Vogue Brings Some Instant Glam to Instagram
Steven Meisel did not shoot Vogue’s latest fashion spread. There were no backlights, no beauty dish. Instead the austere fashion publication took to Instagram for a special Fashion Week photo shoot.
“I thought this time around during Fashion Week in New York we could try doing a shoot that shows clothes you can buy in stores right now,” explained Sally Singer, creative digital director at Vogue. “And everyone in fashion is pretty aware that Instagram is sort of the morning coffee of Fashion Week — it’s the thing they wake up to and the thing they go to bed to.”
Yesterday Vogue posted the shoot, which it’s calling #VogueInstaFashion, on its website. The spread features top model Hillary Rhoda in scenes all over New York City–Times Square, Central Park–all shot with just an iPhone by photographer Michael O’Neal. According to Singer, Andrew Gold from Vogue’s photography department had been following O’Neal’s work on Instagram and thought he would be great for this project.
“What’s so amazing is how receptive the younger stylists have been to this–getting up at 5am to do a shoot with Instagram even when they have Fashion Week shows to go to all day and parties all night,” said Singer.
“We just came up with this last week and everyone, stylists, model and photographer, were on board and excited about it. Usually during Fashion Week you can’t get anyone to do anything last minute, everyone is booked up. That shows how powerful Vogue is, sure, but its also shows how powerful Instagram is.”
Singer said she loves the speed with which Vogue can post fashion images with Instagram, whereas with an editorial shoot, “you sit on the images for months.” She hopes Vogue will do more of these Instagram-only shoots in the future.
“The fashion world has changed so much and opened up because of the visual Web–people think like fashion people now, that’s really exciting and empowering,” said Singer.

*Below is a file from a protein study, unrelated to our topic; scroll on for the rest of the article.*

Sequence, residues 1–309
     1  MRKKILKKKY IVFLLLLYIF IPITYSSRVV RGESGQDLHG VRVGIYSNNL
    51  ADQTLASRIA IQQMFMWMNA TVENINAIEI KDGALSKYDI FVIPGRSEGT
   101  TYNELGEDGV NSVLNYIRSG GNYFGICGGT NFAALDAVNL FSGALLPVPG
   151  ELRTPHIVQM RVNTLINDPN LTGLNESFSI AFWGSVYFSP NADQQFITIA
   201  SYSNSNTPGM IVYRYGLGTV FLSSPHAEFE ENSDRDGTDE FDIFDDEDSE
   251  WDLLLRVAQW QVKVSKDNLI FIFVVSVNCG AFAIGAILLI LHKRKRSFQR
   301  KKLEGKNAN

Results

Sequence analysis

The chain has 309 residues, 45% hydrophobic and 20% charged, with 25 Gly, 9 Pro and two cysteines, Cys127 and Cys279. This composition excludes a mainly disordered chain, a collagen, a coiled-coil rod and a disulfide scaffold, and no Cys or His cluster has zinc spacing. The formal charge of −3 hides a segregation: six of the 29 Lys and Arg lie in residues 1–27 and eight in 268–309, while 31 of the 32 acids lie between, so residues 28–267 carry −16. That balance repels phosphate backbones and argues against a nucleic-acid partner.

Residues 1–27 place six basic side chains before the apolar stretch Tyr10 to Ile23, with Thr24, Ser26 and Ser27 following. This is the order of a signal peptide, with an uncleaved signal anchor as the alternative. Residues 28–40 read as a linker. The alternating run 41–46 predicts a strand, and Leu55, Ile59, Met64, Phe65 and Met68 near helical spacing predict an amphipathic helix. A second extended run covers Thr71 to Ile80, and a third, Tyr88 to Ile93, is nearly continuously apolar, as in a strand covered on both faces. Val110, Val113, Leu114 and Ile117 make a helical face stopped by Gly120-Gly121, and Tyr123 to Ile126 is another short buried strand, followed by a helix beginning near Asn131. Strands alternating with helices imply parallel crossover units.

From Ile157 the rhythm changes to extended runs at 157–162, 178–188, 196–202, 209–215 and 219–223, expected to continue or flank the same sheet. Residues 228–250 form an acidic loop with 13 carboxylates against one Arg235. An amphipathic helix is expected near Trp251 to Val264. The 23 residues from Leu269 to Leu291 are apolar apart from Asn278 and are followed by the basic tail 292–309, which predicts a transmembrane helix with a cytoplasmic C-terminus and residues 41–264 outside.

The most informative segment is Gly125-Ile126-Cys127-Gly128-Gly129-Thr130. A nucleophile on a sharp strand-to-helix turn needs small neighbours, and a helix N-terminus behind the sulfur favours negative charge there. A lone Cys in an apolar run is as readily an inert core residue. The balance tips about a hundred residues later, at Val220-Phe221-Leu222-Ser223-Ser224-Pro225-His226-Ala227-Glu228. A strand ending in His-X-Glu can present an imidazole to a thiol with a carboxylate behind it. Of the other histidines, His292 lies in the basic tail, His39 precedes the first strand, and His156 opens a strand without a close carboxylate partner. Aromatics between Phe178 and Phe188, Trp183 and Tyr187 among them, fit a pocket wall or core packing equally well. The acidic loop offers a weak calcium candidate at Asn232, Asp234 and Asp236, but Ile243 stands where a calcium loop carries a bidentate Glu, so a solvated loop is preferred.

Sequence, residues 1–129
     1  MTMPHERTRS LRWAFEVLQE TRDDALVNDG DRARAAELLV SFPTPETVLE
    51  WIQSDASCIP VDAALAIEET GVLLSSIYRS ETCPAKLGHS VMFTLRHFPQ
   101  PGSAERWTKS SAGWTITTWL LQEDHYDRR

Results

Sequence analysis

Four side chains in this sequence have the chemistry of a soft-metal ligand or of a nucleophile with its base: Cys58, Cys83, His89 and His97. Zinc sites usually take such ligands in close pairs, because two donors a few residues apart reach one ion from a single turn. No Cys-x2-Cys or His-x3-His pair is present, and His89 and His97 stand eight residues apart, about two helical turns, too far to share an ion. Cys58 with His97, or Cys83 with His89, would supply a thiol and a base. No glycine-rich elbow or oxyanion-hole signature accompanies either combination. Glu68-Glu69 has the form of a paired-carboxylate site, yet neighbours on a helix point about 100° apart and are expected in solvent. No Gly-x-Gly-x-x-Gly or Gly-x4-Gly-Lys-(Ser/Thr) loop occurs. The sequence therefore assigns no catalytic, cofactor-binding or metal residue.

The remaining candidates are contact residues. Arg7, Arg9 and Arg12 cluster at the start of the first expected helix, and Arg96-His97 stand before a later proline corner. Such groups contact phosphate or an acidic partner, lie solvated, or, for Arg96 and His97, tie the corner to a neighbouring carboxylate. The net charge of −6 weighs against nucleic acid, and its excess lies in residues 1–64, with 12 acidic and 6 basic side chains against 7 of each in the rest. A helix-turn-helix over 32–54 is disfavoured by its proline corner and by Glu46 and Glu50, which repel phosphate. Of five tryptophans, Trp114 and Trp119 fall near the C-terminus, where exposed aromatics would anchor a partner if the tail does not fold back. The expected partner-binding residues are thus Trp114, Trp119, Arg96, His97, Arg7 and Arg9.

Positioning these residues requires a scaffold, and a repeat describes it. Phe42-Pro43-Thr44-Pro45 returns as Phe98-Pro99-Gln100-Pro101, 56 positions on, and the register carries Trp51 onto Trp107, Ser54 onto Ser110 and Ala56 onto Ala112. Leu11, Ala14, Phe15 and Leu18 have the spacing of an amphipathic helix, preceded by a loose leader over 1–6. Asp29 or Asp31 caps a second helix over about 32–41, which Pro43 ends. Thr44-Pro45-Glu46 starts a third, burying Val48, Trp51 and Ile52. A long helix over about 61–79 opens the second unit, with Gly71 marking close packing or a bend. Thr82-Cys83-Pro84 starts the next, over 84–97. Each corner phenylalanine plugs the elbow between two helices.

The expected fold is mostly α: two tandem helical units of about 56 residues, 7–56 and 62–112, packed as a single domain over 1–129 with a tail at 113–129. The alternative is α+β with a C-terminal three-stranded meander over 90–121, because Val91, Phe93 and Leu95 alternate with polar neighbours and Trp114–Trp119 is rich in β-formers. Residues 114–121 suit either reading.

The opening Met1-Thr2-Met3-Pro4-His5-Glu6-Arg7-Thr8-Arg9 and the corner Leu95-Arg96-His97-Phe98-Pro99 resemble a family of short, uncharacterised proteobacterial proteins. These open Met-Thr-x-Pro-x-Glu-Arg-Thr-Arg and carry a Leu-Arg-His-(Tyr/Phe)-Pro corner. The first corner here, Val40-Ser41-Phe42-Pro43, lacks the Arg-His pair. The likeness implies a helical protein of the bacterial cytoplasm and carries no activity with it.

Images via Instagram/moneal
Dentsu’s new Web3 readiness tool shines light on the tech’s potential to complement AI
Dentsu's Innovation Initiative is launching a web3 readiness index next month — at a time when the industry is obsessed with AI. Could the two technologies actually make a good pair?
Digiday+ Research deep dive: Publishers large and small put their resources into first-party data
Eighty-two percent of publishers overall say they're already using first-party data to prepare for the end of the third-party cookie, and nearly half are requiring users to register and integrating first-party data segments into DSPs – indicating that first-party data is the clear path forward for publishers heading into the post-cookie world.
Media Briefing: Why publishers hope chatbots will be the latest retention tool
Publishers hope the chatbots they are developing will be the latest retention tool to keep readers onsite and to get them to consume more content.
SponsoredHow enterprise-grade CDPs are enhancing data processes and improving customer experiences
Produced in partnership with Marketecture The following article highlights an interview between Martin Kihn, Salesforce’s senior vice president of Marketing Cloud, and Ari Paparo, founder and CEO of Marketecture Media. Register to watch more of the discussion and learn how brands are making the most of enterprise-grade CDP technologies. As brands expand across channels and […]
How programmatic advertising will evolve this year on the heels of audio growth and privacy changes
Comscore’s programmatic division Proximic released a State of Programmatic study highlighting the growth of audio and podcasting, other digital advertising channels and challenges around third-party data.
Why podcasters are selling subscriptions through third-party vendors
Many podcasters are turning to third party platforms like Supporting Cast and Supercast to launch or grow their subscription businesses beyond Spotify or Apple.